a 3.1 mile ‘sprint’ into the wind


A half marathon is painful, and a 5k is a different kind of pain.  I know I’m more suited for long distances – the half and up – but the 5k’s make me better there.  

Facing wind gusts of 30+ mph at times – this definitely has been the year of dicey race weather, from last winter to today, compensating for mostly ideal conditions of 2014, I guess things do even out – ran a competitive local 5k this morning, finishing 5th overall in 17:00.  Time goals were thrown out the window at the start (the winning time was 15:50, about 50 seconds slower than it normally is here), and instead, it became a race.  

Was proud to be in the mix with college and high school runners for most of the way – through the 1st mile in 5:15 and the 2nd mile in 10:35, the head wind kicked in after that.   More so than having run a half last weekend, the wind was the main barrier.  And the fact that this was a painful anaerobic distance vs last week’s half, it felt like I was sprinting the entire 3.1 miles.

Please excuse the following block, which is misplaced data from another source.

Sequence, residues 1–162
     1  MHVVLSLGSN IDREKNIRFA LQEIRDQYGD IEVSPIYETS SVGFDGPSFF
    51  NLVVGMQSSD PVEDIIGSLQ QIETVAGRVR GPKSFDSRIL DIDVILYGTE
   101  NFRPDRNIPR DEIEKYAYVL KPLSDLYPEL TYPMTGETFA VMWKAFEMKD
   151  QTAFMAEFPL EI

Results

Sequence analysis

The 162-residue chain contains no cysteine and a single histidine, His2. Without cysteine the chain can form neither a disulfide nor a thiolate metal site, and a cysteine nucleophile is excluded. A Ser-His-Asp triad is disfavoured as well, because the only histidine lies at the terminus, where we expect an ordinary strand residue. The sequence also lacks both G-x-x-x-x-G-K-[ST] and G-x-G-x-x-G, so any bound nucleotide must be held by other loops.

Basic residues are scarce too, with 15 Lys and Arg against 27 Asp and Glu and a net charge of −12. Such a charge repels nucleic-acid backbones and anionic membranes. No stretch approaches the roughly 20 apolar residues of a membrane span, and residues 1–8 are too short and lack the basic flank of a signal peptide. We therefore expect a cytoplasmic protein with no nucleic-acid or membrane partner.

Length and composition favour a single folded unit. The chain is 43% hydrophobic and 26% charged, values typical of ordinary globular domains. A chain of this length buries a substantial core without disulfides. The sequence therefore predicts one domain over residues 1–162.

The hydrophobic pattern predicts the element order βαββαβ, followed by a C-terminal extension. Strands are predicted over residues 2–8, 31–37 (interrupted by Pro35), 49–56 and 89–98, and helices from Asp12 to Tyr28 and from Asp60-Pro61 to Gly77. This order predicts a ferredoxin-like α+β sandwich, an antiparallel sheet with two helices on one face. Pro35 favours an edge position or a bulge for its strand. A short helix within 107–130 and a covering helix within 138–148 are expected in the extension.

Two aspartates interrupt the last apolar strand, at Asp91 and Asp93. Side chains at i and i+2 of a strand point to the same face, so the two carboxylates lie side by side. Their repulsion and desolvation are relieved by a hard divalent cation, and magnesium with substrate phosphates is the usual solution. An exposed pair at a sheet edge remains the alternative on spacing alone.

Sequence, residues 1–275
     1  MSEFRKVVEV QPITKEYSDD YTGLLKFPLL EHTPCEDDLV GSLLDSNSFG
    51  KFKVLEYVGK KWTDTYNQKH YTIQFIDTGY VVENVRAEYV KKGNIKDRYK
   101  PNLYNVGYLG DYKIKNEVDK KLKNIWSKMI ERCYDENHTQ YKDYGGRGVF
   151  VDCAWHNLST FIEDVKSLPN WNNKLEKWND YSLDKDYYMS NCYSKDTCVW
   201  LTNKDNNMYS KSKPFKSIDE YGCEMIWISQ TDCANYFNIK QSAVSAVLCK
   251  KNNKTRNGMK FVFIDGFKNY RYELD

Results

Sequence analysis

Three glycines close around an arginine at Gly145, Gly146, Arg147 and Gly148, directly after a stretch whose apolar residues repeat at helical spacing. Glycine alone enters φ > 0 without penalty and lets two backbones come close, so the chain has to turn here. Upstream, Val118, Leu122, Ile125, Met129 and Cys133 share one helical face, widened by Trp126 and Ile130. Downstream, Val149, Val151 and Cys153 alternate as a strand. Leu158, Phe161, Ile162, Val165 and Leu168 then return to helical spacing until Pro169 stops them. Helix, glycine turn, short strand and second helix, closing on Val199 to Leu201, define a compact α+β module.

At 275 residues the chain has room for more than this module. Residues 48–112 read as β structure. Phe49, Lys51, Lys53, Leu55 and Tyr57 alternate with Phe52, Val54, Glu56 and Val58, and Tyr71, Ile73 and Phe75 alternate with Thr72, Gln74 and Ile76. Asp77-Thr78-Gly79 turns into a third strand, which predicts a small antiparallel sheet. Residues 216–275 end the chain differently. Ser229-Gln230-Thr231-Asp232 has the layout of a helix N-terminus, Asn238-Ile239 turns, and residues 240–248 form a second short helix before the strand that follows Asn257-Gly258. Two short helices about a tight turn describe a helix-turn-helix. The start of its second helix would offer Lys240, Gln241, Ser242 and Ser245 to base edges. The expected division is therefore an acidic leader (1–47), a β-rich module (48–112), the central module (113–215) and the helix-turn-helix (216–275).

A couple of more 5k’s this month and I should be up to speed…


8 thoughts on “a 3.1 mile ‘sprint’ into the wind

  1. wwwpalfitness

    Doing many intervals in a training session lowers your mile time. Do not just plod 10 minute miles if you can build up to 7 and less. Use that normal speed as a guide. I have 25 years experience coaching and 35 as a runner.

      1. wwwpalfitness

        For longer races they should be a lot faster than race pace. Next thing you know you lost at least a minute a mile depending on your event.

  2. runningintshirt Post author

    How much faster in the intervals depends a lot on the distance of the race, the distance of the intervals, and the point in the season. Intervals for the marathon are going to be different than intervals for the 5k, and different from the start of the season and end of the season


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